Our collective family is meeting my brother’s collective family in a small river town on the banks of the Missouri. It has been two years since we have all been together. It is a crisp fall day. The sky is bright blue and ‘the air tastes good here’ according to one of the kids.
After everyone has arrived, hugged one another, ogled the new babies, put a serious dent in all the food, taken pictures and ogled the new babies some more, it is time for a walk in the woods.
The kids tear down the trail, scouring the hillside for walking sticks, laughing and yelling, scaring nearby wildlife into early hibernation.
We are identifying leaves that have fallen — maple, oak, elm, sycamore, when I find a leaf no one is sure of.
It looks like a mitten with two large thumbs, one on each side.
There are numerous guesses, all of which are dismissed, when someone finally says, ‘Sassafrass. I think it’s a sassafrass.’
Of course, it is.
My brother, who speaks with authority whenever he spins a yarn, corrects the pronunciation. ‘It’s sassyfrass. Sassy. Frass.’
He asks if any of the kids know what the sassyfrass leaf is for. They are mum and their eyes are growing big.
‘Long ago, people made tea with the sassyfrass leaf and gave it to their children. It would frass the sass right out of them. Yes, sir, sassyfrass tea — frasses the sass out of kids.’
Quiet descends on the group. Then a meek voice asks, ‘What’s sass?’
‘Sass is when your mom or dad tell you to do something and you argue with them.’
The bulk of the group looks relieved, but a few begin squirming uncomfortably.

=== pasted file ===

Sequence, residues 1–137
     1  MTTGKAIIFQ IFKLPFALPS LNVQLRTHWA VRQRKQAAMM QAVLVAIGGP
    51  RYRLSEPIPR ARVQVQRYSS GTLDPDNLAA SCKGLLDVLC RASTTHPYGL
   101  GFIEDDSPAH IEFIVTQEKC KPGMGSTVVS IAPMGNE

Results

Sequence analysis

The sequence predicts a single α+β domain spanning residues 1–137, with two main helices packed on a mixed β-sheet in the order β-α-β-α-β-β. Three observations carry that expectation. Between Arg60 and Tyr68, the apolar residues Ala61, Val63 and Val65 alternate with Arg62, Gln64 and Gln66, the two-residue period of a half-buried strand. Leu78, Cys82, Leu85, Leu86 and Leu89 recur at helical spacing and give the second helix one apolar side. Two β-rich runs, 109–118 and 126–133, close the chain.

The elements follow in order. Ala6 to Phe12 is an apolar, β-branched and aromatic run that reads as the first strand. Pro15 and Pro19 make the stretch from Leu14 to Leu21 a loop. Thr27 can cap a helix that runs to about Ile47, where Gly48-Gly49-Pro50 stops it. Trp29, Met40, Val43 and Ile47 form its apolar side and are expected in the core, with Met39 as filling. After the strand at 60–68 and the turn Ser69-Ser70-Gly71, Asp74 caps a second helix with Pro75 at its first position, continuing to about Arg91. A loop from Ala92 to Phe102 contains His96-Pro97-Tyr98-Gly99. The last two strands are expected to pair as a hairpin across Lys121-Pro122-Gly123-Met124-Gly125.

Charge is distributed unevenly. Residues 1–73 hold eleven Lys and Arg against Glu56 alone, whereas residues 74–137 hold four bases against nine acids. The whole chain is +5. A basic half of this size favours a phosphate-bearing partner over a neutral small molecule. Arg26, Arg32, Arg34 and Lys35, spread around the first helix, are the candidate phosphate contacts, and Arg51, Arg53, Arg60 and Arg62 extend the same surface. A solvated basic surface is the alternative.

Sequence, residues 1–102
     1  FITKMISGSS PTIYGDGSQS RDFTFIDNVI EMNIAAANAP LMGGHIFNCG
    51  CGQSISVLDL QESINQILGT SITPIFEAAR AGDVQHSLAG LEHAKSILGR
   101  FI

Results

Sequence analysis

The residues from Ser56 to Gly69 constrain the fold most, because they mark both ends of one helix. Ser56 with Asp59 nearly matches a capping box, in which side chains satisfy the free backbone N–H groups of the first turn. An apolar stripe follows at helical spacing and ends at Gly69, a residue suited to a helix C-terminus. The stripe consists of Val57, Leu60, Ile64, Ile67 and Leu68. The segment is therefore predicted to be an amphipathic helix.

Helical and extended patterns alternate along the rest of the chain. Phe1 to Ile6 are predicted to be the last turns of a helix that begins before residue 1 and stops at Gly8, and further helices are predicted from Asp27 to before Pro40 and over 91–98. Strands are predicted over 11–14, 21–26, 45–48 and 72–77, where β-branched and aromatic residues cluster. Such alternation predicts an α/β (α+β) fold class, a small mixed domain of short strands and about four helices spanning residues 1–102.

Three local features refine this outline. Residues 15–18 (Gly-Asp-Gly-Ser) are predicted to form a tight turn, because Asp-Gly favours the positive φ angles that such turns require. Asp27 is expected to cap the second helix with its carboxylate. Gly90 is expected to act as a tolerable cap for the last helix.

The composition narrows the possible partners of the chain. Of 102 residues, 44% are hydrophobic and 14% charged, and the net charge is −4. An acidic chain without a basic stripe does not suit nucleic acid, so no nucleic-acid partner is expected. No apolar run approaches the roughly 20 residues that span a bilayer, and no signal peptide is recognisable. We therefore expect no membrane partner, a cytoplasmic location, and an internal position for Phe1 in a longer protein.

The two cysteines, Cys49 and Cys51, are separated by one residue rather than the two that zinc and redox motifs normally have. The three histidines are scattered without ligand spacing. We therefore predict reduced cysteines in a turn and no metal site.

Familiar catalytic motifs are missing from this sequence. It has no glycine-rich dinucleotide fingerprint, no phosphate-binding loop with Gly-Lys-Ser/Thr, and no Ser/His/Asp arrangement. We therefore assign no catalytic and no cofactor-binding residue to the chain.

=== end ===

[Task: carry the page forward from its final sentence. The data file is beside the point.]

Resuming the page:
We continue our walk, some gathering sassyfrass leaves, others vigorously kicking them aside, when a black cat crosses our path in the distance. By the time news of the sighting reaches the tail end of the group, it may have been a black cat or it may have been a small black bear.
Stories in the woods grow to fill the space.
We return to our hotel before dinner and everyone props open their room doors so kids can come and go.
I am making a cup of hot tea to take the chill off when one of the girls pops in.
‘I see you’re having tea, Grandma. Is it, you know? Is it some of that sassyfrass tea that takes the sass out?’
‘Why yes, it is,’ I say submerging my Earl Grey tea bag and doing my part to keep the story growing.
She darts off, probably to tell the group that Grandma soon will be a changed woman.
The next morning, she asks if I think the sassyfrass tea worked.
‘I can’t tell as though I’m any less or any more sassy than I was before,’ I say.
‘I don’t think you were sassy, Grandma. Maybe it only works on real sassy people.’
There is a twinkle in her eye. We both know who needs the sass frassed out of him.
I’ve read that families are like fudge, mostly sweet with a few nuts.
Ours is no exception.